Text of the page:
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British banks received a fillip from parliament today, as the Treasury Select Committee called for “more detailed analysis” of the proposal to ring-fence banks’ retail units from the rest of their operations. Banks have criticised the proposal, made by the Independent Commission on Banking, as saddling them with unnecessary costs and restraining their capacity to lend. Signs of a rethink on the proposal sent British banks’ shares sharply higher.
The rally reversed steep declines following Friday’s EU stress test. Although all four of the British banks in the test passed, some of the details that emerged about the banks’ balance sheets spooked investors. In particular, funding costs soared in the test’s “adverse” scenario—which many analysts, including the EIU, think was not nearly adverse enough. The cost of funding for Barclays, for example, rose almost four-fold between 2010 and 2012 in the test, the largest jump in the 90-bank sample. The other British banks in the sample also saw above-average increases in costs, thanks in part to reliance on wholesale funding sources.
Exposure to fickle wholesale markets is one of the reasons cited in favour of erecting firewalls around universal banks’ retail activities. Any new analysis of the retail ring-fence idea should take the implications of banks’ enduring reliance on short-term interbank markets into account.
Europe’s banking stress tests failed a test of their own on Monday. The cost of euro-denominated interbank borrowing continued to rise, approaching a one-year high.
The Euro Interbank Offered Rate, or Euribor, has risen every day since May 31st, even after the supposedly soothing news on Friday that only seven out of 91 banks failed stress tests conducted by the region’s banking authorities. When it comes to lending to each other, lenders remain wary.
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In this test, the questions asked are as noteworthy as the answers received. In the months since the announcement that national and pan-European authorities would “stress test” 91 of the region’s banks, few details about the methodology used in the exercise were disclosed. Thus, when the results of the stress test were released on July 23rd, the assumptions used to gauge the health of banks were analysed as closely as the ultimate marks (pass or fail) assigned to each lender.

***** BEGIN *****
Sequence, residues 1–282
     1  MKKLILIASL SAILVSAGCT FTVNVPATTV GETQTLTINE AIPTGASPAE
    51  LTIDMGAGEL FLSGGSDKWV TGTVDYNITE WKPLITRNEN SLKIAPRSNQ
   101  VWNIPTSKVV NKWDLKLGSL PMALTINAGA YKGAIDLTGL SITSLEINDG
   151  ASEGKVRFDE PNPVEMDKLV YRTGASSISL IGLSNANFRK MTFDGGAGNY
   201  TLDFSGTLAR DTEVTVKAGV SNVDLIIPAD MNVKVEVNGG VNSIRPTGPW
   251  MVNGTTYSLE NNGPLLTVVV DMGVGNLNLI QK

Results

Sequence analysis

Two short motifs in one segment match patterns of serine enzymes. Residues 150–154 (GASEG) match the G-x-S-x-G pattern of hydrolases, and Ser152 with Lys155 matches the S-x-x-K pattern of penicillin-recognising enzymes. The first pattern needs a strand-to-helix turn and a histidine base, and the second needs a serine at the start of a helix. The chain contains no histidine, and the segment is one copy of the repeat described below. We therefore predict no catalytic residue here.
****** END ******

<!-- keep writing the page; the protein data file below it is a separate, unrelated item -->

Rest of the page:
In the end, seven of the 91 banks failed the test. In aggregate, the “failed” banks would be left with a capital shortfall of €3.5bn under the test’s “plausible but extreme” worst-case scenario, according to the Committee of European Banking Supervisors (CEBS), the test’s co-ordinating body.
The number of banks that failed the test, and the aggregate shortfall in capital, is lower than expected, and this could be perceived initially as an overly rosy assessment of the health of Europe’s banking sector.
Read more at Financial Services Briefing: “Testing times” (July 23rd)
As financial markets anxiously await the results of stress tests on Europe’s largest banks, questions are being asked about the level of detail that will be provided on lenders’ exposure to troubled sovereign debt. After all, a key aspect of the test is the ability of Europe’s banks to withstand a “sovereign risk shock”.
New data from the Bank for International Settlements (BIS) provides some new, if vague, clues on banks’ exposure to the countries most at risk under the stress test’s sovereign-shock scenario. The BIS data, updated through the end of March, gives the total exposure of a country’s banks to borrowers abroad. It does not break out the types of debt—personal, commercial, sovereign—but instead gives a general indication of which banks might be the most exposed to Europe’s trouble spots.
Not surprisingly, most banks trimmed their exposure to Greece, Portugal and Spain in the three months to March. The top creditors to Greece and Spain—French and German banks, respectively—cut their lending in the countries by double-digit percentages in the first three months of the year. Meanwhile, in a show of southern European solidarity, Portuguese banks increased their exposure to Greek borrowers by 20%.
In the latest quarterly review from the Bank for International Settlements, researchers backtest the “stress tests” employed by regulators and supervisors to gauge the solidity of banks during financial crises.
After studying tests conducted around 43 banking crises in 30 countries since 1974—including those immediately preceding the latest crash—the research finds that the “overwhelming majority [of countries] concluded that their banking systems were robust even in the face of very severe adverse scenarios.” In fact, nearly 70% of the “very severe” macroeconomic scenarios envisioned by the tests proved milder than subsequent events.
Economic growth preceding the crisis is an important factor in determining the accuracy of assumptions. High growth in the run-up to a crisis tends to result in overly mild stress-test scenarios, for example. And as Nassim Nicholas Taleb was probably thrilled to read, stress testers often find it hard to imagine conditions “beyond the realm of anything that has been experienced.”
Stress testing, as traditionally practiced, is likely to “lull users into a false sense of security” by continuing to underestimate the dangers of extreme events, the research concludes. Put another way, the Alea blog answers the hypothetical question in the paper’s title—Macro stress tests and crises: what can we learn?—with a simple rejoinder: “That they don’t work.”